Life isn’t about waiting for the storm to pass. It’s about learning to dance in the rain.
I was thinking of this quote when the ever-cheerful desk clerk at the Dedeman Hotel in Istanbul said to me, “But sir, it is raining now.” He was looking at me like a was a bit daft. And perhaps he is right at that, but still it was only 7:00 after our reception for the tour and I was in a mood to walk somewhere, ANYWHERE in this fascinating city! He finally directed me to Barbarosa Street and told me to make a right and keep on walking for about 20 minutes till I reached to Bosphorus, the straight that separates European Istanbul from its Asian half. Perfect. THE perfect destination, and an easy walk. My legs needed stretching after the nine-hour cramped flight on Turkish Airways. Well, I am learning that Turks have the endearing quality of having no idea of distance or time. Forty minutes later I reached my goal. It was a wonderful stroll on a wide sidewalk with small swirls of brickwork to guide your way along the tree-lined street.
As with the Vietnamese, the Turks have NO idea what a zebra crossing is. It is only that I am extra cautious or otherwise I would have been hit for sure. Turks also love to stop anywhere they please and put up two fingers to signal, “Just a minute,” to the long line of honking cars and minivans who have the audacity to want to make the same turn, but can’t because of the afore-mentioned car. Now mind you, he was blocking the entry ramp to a major north-south road! I also learned that Turks stop for no one. Pedestrians are fair game. And don’t even think you have the “right” of way just because a little green person is flashing to you on a signal saying you still have 25 seconds to safely cross the road. The car that almost got me was going at least 35-40 mph as he or she negotiated the intersection I was trying to cross. So within the space of those 40 minutes or so walking to the Bosphorus through the wet streets, I learned a lot about Turkish driving habits. Observation today on just day two, has confirmed each and every bit of the above as not even being remotely an extraordinary occurrence.
When I finally reached the Bosphorus, I was surprised by the number of people out enjoying the evening in this area called Besiktas. The rain had mercifully stopped or at least had slowed down to an occasional drizzle. Great little narrow, cobble-stoned side streets full of small shops, cafes and the like that cater to the largely young crowd as it is a university area were full of people just enjoying life. One thing I also have already learned is that the Turks love a water view. There are many homes built to a maximum possible density along the sides of the seven hills of the city. At night as you look across the Bosphorus, you see what appears to be thousands of stars twinkling away to mirror the joy of the festive crowd around you. There is the ferry slips here, so people for 2 Turkish Lira (about $1.00) can cross over from one side to the other quite easily. As European as this country can be, they also seem to place a high value on cafes and al-fresco dining and drinking in the trendy cafes and restaurants that line the waterway.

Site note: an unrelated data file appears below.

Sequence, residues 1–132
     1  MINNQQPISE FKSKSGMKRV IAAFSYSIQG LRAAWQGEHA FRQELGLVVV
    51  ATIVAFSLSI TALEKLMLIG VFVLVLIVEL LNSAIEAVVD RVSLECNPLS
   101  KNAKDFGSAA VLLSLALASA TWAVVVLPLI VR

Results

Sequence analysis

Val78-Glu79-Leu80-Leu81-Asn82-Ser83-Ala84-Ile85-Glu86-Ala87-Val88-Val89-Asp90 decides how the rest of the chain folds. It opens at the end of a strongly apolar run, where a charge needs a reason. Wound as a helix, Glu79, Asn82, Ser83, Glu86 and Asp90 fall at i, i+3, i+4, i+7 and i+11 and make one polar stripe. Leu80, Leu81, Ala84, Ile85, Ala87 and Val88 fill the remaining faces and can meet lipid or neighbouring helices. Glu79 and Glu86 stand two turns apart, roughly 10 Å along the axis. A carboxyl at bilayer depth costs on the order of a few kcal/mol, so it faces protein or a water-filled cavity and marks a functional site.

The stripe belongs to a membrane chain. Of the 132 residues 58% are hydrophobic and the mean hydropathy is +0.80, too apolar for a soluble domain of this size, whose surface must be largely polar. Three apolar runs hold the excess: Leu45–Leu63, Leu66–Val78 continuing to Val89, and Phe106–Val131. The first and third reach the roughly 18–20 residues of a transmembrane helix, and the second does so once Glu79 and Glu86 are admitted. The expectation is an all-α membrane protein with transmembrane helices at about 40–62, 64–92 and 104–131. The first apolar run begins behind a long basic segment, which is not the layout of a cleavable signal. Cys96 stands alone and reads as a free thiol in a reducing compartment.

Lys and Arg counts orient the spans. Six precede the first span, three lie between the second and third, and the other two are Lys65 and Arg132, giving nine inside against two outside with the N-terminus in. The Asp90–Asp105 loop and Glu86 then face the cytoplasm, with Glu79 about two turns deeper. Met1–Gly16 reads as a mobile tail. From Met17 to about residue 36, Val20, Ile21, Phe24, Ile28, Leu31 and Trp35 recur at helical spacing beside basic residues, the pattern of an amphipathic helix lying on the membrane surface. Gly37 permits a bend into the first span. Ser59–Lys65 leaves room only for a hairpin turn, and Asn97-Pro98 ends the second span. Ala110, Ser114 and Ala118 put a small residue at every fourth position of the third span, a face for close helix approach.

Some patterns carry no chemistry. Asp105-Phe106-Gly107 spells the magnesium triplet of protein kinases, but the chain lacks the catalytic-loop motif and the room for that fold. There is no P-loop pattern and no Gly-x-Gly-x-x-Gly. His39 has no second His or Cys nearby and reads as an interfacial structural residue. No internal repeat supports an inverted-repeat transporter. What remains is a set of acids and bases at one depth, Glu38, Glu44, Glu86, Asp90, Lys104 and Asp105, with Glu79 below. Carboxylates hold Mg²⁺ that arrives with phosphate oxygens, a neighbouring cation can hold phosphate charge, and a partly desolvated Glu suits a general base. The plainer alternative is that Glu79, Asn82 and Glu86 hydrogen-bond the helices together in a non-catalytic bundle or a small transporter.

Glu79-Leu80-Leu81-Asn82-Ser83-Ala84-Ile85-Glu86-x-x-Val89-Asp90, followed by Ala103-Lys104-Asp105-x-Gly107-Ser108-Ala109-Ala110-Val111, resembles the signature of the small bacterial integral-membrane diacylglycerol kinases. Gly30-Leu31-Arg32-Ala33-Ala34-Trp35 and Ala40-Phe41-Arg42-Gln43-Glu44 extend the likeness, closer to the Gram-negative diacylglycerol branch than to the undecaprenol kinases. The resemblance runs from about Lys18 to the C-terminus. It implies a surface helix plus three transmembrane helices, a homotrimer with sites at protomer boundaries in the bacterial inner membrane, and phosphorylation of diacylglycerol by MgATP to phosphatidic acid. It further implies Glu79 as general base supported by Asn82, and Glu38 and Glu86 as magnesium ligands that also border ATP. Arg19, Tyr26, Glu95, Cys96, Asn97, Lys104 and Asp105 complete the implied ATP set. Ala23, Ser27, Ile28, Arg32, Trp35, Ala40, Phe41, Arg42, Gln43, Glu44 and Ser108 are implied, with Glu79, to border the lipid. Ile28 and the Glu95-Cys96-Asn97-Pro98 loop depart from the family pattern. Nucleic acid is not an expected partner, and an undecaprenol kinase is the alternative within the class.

I also enjoyed watching the fishermen catching what appeared to be sardines from the dock area as live rock bands blared music from the outdoor Kucuksu Pavilion. And wherever there are concentrations of people there are the inevitable street vendors selling little dolls, shoes, and clothing. One vendor has sweet-smelling roasted corn, another lamb grilled with peppers and tomatoes and served up on what looks like pita bread. It all looks good, but I’ll give my system a little to adjust before jumping into that adventure! An old man sits in the shadows with his scale at the ready for people to weigh themselves for a lira. I later found out that these guys often tip the scales back, so that they register a few pounds LESS than you actually weigh. This does not stop people from getting on the scales and smiling that the wonderful meal they just enjoyed did not add an ounce.
I began to sense that the crowd was thinning out and thought it advisable to return to the hotel to get a good sleep to catch up from the trip. It takes me about 50 minutes to make my way up the steep road and to the hotel.
It was a wonderful and promising way to start this adventure!